Effects of acute beta-adrenergic receptor blockade on age-associated changes in cardiovascular performance during dynamic exercise.
The cardiovascular response to beta-adrenergic stimulation is markedly blunted with advancing age, and this blunting may underlie some of the prominent age-associated changes in the hemodynamic profile during dynamic exercise. To examine this hypothesis, we administered the nonselective beta-adrenergic receptor blocker propranolol (0.15 mg/kg IV) to 25 healthy normotensive men ages 28 to 72 years from the Baltimore Longitudinal Study of Aging (BLSA) immediately before maximal upright cycle ergometry with 99mTc gated cardiac blood pool scintigraphy. Their hemodynamic responses to exercise were compared with those of 70 age-matched healthy unmedicated male BLSA control subjects. The maximal cycle work rate achieved was similar in propranolol-treated men (158 +/- 32 W) and control subjects (148 +/- 32 W) and declined similarly with age in both groups. Hemodynamics at seated rest were not age-related in either group; however, propranolol-treated men had lower heart rates (HR), systolic blood pressure (SBP), ejection fraction, and cardiac index than control subjects but higher end-diastolic volume index (EDVI) and end-systolic volume index (ESVI) by covariance analysis. At maximal effort, several striking age-drug interactions were evident: Propranolol caused a greater reduction in HR and greater increases in EDVI and stroke volume index (SVI) in younger than in older men. Hence, at maximal work rate, HR declined less with age in the propranolol group (0.46 versus 1.09 beats per minute per year, P < .05 by covariance analysis); EDVI and SVI decreased with age (0.27 and 0.48 mL/m2 per year, respectively) after propranolol compared with increases of 0.47 and 0.16 mL/m2 per year in control subjects, respectively, each P < or = .05 by covariance analysis. The left ventricular contractility index, SBP/ESVI, at exhaustion was reduced by propranolol to a greater extent in younger than older men. Thus, acute beta-adrenergic blockade reverses the age-associated ventricular dilation at end diastole and end systole observed during upright cycle exercise and blunts the decline in maximal HR and myocardial contractility. These data suggest that the age-associated declines in maximal HR and left ventricular contractility during vigorous exercise are manifestations of reduced beta-adrenergic responsivity with advancing age which is partially offset by exercise-induced ventricular dilation.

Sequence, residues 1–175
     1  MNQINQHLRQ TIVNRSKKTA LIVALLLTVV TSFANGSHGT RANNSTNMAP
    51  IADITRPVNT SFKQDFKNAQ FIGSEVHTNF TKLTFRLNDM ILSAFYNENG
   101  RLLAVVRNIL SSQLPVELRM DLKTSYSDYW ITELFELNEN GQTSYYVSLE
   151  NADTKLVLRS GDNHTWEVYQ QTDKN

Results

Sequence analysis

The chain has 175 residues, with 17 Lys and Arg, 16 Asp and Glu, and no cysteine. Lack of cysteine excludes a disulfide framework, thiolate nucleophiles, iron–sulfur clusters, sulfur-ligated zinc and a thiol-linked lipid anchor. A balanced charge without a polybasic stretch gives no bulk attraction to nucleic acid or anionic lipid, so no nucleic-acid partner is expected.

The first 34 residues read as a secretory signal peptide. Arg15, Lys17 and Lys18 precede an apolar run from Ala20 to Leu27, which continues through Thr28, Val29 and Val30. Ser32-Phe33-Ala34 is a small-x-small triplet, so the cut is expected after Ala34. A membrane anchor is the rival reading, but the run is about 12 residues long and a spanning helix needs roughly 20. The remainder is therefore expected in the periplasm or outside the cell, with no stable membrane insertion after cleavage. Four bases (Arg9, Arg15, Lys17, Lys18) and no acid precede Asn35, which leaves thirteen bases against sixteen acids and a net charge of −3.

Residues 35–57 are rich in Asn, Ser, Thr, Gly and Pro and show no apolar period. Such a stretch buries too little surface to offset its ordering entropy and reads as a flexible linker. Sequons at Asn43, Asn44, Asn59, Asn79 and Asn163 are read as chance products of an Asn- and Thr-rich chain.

- Copyright © 1994 by American Heart Association